Boys diagnosed with central precocious puberty at the Division of Endocrinology of the Hospital de Niños Ricardo Gutiérrez, a tertiary paediatric public hospital in the city of Buenos Aires, Argentina, and treated with GnRHa between 1995 and 2013 were included in the study. Patients were excluded if history chart or results of serum hormone determinations (FSH, LH, testosterone, and AMH) were not complete or available. A clinical examination was performed at each visit to assess pubertal stage according to Marshall and Tanner  and to determine testicular volume by comparison with Prader’s orchidometer . The mean of the volume of both testes was reported. LH, FSH, testosterone, inhibin B, and AMH serum concentrations were assessed periodically before, throughout, and after treatment with GnRHa. The study was approved by the institutional review board. The need for informed consent was waivered owing to the observational design of the study, in which most of the procedures followed the standard care of patients with central precocious puberty, and because results of serum AMH and inhibin B levels were not considered for decision making.
2.2. Hormone Assays
AMH was determined using an ultrasensitive enzyme linked immunoassay specific for human AMH (Immunotech, Beckman-Coulter Co., Marseilles, France), following the manufacturer’s instructions as previously published . The analytical sensitivity of the assay, defined as the lowest AMH concentration significantly different from the calibrator zero, was 2.3 pmol/L. Intra- and interassay coefficients of variation were, respectively, 10.5% and 9.4% for a serum AMH concentration of 700 pmol/L and 11.1% and 12.8% for a serum AMH concentration of 7 pmol/L. Reference values were taken from our own data .
Serum inhibin B was measured using two-site enzyme-linked immunosorbent assays (Oxford Bio-Innovation Ltd, Oxon, UK) as previously described. Recombinant inhibin B (Genentech, San Francisco, CA, USA) was used as standard. The assay sensitivity was 15 pg/mL. Intra- and interassay coefficients of variation were below 10% for all assays. Reference values were taken from our own data .
Serum FSH and LH were measured by time-resolved immunofluorometric assays (IFMA, DELFIA; PerkinElmer, Inc. by Wallac Oy, Turku, Finland). The functional sensitivities were 0.05 and 0.10 IU/L, according to the 2nd WHO IS 80/552 for LH and IRP 94/632 for FSH, respectively. Intra- and interassay coefficients of variation for IFMA method were ≤3.2 and ≤7.3% for LH and ≤2.3 and ≤5.2% for FSH, as previously published .
Hormone concentrations below the limit of the assay detection were assigned a concentration equivalent to the minimum detectable value in the respective assay. Data are expressed as median and range. Multiple regression analysis was performed to assess the association between serum inhibin B levels and testis volume during followup after GnRHa treatment. The level of significance was set at . Statistical analyses were performed using GraphPad Prism version 5.01 for Windows (GraphPad Software, San Diego, CA, USA) and IBM SPSS Statistics (IBM Corporation, Somers, NY, USA).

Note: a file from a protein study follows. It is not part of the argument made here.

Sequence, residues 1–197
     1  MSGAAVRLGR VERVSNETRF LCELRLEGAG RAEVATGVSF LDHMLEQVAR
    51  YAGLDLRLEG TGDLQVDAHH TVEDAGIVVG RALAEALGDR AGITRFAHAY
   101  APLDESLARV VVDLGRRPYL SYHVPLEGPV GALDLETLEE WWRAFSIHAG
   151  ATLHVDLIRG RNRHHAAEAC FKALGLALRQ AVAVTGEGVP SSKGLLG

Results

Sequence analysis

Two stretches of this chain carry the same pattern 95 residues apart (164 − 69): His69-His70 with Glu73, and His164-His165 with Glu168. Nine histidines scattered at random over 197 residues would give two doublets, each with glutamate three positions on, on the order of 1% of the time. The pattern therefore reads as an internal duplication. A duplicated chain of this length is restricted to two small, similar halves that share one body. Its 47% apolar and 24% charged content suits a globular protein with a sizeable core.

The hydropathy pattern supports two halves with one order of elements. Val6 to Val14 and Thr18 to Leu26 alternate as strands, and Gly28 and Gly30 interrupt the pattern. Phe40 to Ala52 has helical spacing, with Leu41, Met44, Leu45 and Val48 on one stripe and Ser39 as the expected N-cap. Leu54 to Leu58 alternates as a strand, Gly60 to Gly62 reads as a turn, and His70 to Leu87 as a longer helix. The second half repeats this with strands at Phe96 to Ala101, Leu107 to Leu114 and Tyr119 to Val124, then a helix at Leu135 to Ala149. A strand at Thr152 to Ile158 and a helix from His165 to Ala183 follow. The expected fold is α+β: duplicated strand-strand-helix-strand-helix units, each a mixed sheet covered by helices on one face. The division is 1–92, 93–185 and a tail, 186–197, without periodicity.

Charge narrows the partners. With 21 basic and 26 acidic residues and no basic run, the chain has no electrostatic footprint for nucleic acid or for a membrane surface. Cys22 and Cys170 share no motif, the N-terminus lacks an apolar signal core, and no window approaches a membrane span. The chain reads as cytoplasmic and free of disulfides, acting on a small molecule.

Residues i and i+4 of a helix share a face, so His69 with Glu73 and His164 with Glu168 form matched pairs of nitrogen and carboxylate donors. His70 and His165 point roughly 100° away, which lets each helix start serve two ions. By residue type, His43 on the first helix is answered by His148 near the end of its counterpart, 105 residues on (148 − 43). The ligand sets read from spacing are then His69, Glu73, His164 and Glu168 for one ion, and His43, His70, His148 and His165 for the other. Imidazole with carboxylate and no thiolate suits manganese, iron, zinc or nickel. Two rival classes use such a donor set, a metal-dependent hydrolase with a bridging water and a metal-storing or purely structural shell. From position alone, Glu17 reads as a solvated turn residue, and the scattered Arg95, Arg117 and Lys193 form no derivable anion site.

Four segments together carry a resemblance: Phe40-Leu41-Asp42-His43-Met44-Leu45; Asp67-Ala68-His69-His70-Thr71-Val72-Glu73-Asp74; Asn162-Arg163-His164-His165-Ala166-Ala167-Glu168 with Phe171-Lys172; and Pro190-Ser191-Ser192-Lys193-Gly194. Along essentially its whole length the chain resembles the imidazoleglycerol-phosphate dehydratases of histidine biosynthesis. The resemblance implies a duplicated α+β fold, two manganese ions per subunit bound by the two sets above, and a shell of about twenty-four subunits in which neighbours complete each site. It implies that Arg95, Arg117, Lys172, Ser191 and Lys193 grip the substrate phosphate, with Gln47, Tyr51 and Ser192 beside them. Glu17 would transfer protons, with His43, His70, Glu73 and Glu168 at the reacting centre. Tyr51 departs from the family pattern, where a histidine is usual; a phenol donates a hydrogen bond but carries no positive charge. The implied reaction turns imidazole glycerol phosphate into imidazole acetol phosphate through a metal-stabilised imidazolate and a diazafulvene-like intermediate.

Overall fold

Six boys with central precocious puberty were included in the study (Table 1). Their median age at diagnosis was 3 years (range 0.8–5.5) with a bone age of 8.5 years (range 1.25–10.5). In three cases, precocious puberty was due to a hypothalamic hamartoma and in the other three it was idiopathic. Patients were treated with triptorelin acetate every 28 days at a 110–190 μg/kg dose. GnRHa treatment was stopped at a median age of 10.1 (range 8.9–10.7). Patient 5 was still in treatment at the moment of the study.
At diagnosis, testicular volume was between 2 and 9 mL (Figure 1(a)), FSH was 1.75 IU/L (range 0.61–5.36) (Figure 1(b)), median basal LH was 3.75 IU/L (range 0.88–11.20) (Figure 1(c)), and testosterone was 419 ng/dL (range 12–878) (Figure 1(d)). Median peak LH after an acute GnRH test was 35.30 IU/L (range 6.90–84.90) (Table 1). Serum AMH was low in the four patients older than 1 year (median 67 pmol/L, range 50–165) but was within the normal range in the two patients aged ≤1 year (645 and 475 pmol/L) (Figure 1(e)). Interestingly, in Patient 5, who was diagnosed at 12 months of age, AMH (475 pmol/L) was within the normal prepubertal range. Due to social difficulties GnRHa treatment could not be started until the age of 2.2 yr when serum AMH had decreased to 131 pmol/L. Before treatment serum inhibin B was elevated (400 pg/mL, range 212–560) (Figure 1(f)).
Throughout treatment with GnRHa, testis volume decreased but remained moderately above the normal prepubertal size in most patients (Figure 1(a)). As expected, serum gonadotropins and testosterone showed a progressive decrement toward normal prepubertal levels and remained so until GnRHa withdrawal, when they increased again to pubertal levels (Figures 1(b)–1(d)). AMH increased progressively and remained within the normal prepubertal range during the whole treatment (Figure 1(e)). After GnRHa withdrawal, AMH progressively declined concomitantly with the rise in serum testosterone, as in normal puberty [16, 18].
Serum inhibin B levels decreased moderately throughout GnRHa therapy attaining its nadir after 24 months of treatment. Thereafter, they remained in the upper half of normal prepubertal age range (Figure 1(f)). A multiple regression analysis using patient and testis volume as the independent variables and inhibin B levels as the dependent variable showed a significant positive correlation between testicular volume and serum inhibin B levels during treatment () (Figure 2). Interestingly, during GnRHa treatment the lowest levels of inhibin B were observed in Patients 1, 2, and 6, in whom testicular volume achieved normal prepubertal range, whereas inhibin B remained higher in Patients 3 and 4, who maintained testicular volume above 4 mL in spite of suppressed FSH levels. After treatment withdrawal, inhibin B rose toward normal pubertal levels concomitantly with the reactivation of the gonadotropin axis.